Interview Day Environment May Influence Applicant Selection of Emergency Medicine Residency Programs

Author Affiliation
Jason Lewis, MD Beth Israel Deaconess Medical Center, Department of Emergency Medicine, Boston, Massachusetts
Nicole Dubosh, MD Beth Israel Deaconess Medical Center, Department of Emergency Medicine, Boston, Massachusetts
Carlo Rosen, MD Beth Israel Deaconess Medical Center, Department of Emergency Medicine, Boston, Massachusetts
David Schoenfeld, MD, MPH Beth Israel Deaconess Medical Center, Department of Emergency Medicine, Boston, Massachusetts
Jonathan Fisher, MD, MPH Maricopa Medical Center, Department of Emergency Medicine, Phoenix, Arizona
Edward Ullman, MD Beth Israel Deaconess Medical Center, Department of Emergency Medicine, Boston, Massachusetts




The structure of the interview day affects applicant interactions with faculty and residents, which can influence the applicant’s rank list decision. We aimed to determine if there was a difference in matched residents between those interviewing on a day on which didactics were held and had increased resident and faculty presence (didactic day) versus an interview day with less availability for applicant interactions with residents and faculty (non-didactic day).


This was a retrospective study reviewing interview dates of matched residents from 2009–2015.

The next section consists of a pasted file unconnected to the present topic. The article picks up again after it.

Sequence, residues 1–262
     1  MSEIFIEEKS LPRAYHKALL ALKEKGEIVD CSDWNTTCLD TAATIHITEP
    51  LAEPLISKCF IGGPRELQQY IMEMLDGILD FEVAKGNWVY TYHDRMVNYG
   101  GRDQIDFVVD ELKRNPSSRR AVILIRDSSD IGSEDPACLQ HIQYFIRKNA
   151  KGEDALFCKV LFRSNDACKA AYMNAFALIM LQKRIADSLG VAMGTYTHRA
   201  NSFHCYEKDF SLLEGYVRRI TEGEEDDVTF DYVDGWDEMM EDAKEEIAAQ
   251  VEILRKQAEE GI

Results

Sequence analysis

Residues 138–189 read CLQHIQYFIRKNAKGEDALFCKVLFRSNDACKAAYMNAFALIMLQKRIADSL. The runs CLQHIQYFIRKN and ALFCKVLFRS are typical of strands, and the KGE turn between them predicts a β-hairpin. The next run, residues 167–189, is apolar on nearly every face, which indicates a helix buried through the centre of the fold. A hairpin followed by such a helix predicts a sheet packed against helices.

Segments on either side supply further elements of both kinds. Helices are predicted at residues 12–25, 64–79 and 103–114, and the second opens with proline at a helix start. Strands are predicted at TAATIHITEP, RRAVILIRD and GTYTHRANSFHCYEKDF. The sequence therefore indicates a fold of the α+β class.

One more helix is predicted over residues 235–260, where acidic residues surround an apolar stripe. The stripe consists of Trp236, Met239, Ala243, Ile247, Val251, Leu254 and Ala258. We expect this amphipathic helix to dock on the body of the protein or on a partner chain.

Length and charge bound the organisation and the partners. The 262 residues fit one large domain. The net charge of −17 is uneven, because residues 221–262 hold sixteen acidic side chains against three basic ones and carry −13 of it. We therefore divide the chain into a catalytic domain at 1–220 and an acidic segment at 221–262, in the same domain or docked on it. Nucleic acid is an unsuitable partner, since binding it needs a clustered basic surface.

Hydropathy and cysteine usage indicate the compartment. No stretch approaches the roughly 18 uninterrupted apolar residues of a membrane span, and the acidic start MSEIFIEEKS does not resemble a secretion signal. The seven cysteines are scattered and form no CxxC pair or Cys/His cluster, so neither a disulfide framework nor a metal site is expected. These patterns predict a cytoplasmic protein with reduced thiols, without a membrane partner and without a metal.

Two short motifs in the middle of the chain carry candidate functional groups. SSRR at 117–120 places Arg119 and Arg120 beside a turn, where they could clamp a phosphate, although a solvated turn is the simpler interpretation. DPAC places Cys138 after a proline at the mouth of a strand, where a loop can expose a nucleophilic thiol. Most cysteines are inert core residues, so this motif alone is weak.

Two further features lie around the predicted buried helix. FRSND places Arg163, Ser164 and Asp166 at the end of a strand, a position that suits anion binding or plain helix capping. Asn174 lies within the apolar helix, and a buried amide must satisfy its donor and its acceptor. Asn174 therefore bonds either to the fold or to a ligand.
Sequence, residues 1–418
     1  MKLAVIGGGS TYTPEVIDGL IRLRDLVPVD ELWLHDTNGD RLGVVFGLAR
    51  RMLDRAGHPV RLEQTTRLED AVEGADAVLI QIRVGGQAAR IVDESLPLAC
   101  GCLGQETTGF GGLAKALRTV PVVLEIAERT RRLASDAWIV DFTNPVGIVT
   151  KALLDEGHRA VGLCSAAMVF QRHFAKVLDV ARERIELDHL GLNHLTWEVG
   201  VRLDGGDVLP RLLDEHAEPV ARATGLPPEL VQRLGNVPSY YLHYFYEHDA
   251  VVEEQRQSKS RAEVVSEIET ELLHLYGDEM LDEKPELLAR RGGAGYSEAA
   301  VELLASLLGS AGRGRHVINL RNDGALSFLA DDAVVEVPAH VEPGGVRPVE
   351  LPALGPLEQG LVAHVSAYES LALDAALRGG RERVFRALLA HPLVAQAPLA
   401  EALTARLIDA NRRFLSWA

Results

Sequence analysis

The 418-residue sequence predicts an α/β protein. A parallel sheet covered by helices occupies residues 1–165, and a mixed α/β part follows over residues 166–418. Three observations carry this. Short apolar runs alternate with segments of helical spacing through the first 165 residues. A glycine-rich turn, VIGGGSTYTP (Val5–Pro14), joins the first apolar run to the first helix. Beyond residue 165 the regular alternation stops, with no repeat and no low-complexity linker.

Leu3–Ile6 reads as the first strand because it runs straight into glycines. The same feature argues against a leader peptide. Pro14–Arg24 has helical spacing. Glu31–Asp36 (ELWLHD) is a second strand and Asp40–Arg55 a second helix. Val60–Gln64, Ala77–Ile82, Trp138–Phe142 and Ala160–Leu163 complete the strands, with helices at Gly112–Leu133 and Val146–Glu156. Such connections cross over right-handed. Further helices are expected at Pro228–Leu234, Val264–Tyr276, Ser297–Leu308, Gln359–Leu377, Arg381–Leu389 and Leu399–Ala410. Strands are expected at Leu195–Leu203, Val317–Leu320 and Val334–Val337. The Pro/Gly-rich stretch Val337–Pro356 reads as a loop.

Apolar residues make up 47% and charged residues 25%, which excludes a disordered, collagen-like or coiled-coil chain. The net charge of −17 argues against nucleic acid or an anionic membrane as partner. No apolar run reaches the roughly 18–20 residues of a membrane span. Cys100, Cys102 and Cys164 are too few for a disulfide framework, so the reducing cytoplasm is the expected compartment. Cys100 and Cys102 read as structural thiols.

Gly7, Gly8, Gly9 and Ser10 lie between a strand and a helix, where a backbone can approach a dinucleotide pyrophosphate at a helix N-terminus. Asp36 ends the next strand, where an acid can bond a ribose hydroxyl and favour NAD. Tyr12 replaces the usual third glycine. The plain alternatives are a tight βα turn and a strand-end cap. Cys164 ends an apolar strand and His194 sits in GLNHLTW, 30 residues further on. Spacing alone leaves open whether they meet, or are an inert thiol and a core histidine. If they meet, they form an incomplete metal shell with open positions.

Forty-two (61.8%) matched residents interviewed on a didactic day with increased faculty and resident presence versus 26 (38.2%) on a non-didactic interview day with less availability for applicant interactions (p = 0.04).


There is an association between interviewing on a didactic day with increased faculty and resident presence and matching in our program.


Over the past five years the number of medical students applying to emergency medicine (EM) as well as the total number of EM residency positions has increased.1 Furthermore, the average number of ranked programs by residents matching in EM through the National Residency Matching Program now exceeds 11,2 leading to more interviews per applicant. Given the increased competition for candidates, a better understanding of the factors that influence applicants is important. Previous studies have shown that applicants frequently view the happiness of residents, program personality, ability to interact with residents, enthusiasm of the faculty, geographic location and interview day experience as most important when selecting a residency program both in EM and other specialties.3-11 Interactions with current residents and EM faculty may improve the prospective applicants’ understanding of the program. What is less evident, however, is whether the specific structure of an interview day influences student rank list.

Residency programs typically offer multiple interview days per week during the interview season. This may result in two distinct interview days. Often one day coincides with residency didactics and offers increased availability for interactions with residents and faculty members. In contrast, the second interview date may occur when there are no formal lectures and less availability for interaction with residency members. The goal of this study was to determine if there was a difference in matched residents between those interviewing on a day with increased resident and faculty presence versus an interview day with less availability for applicant interactions.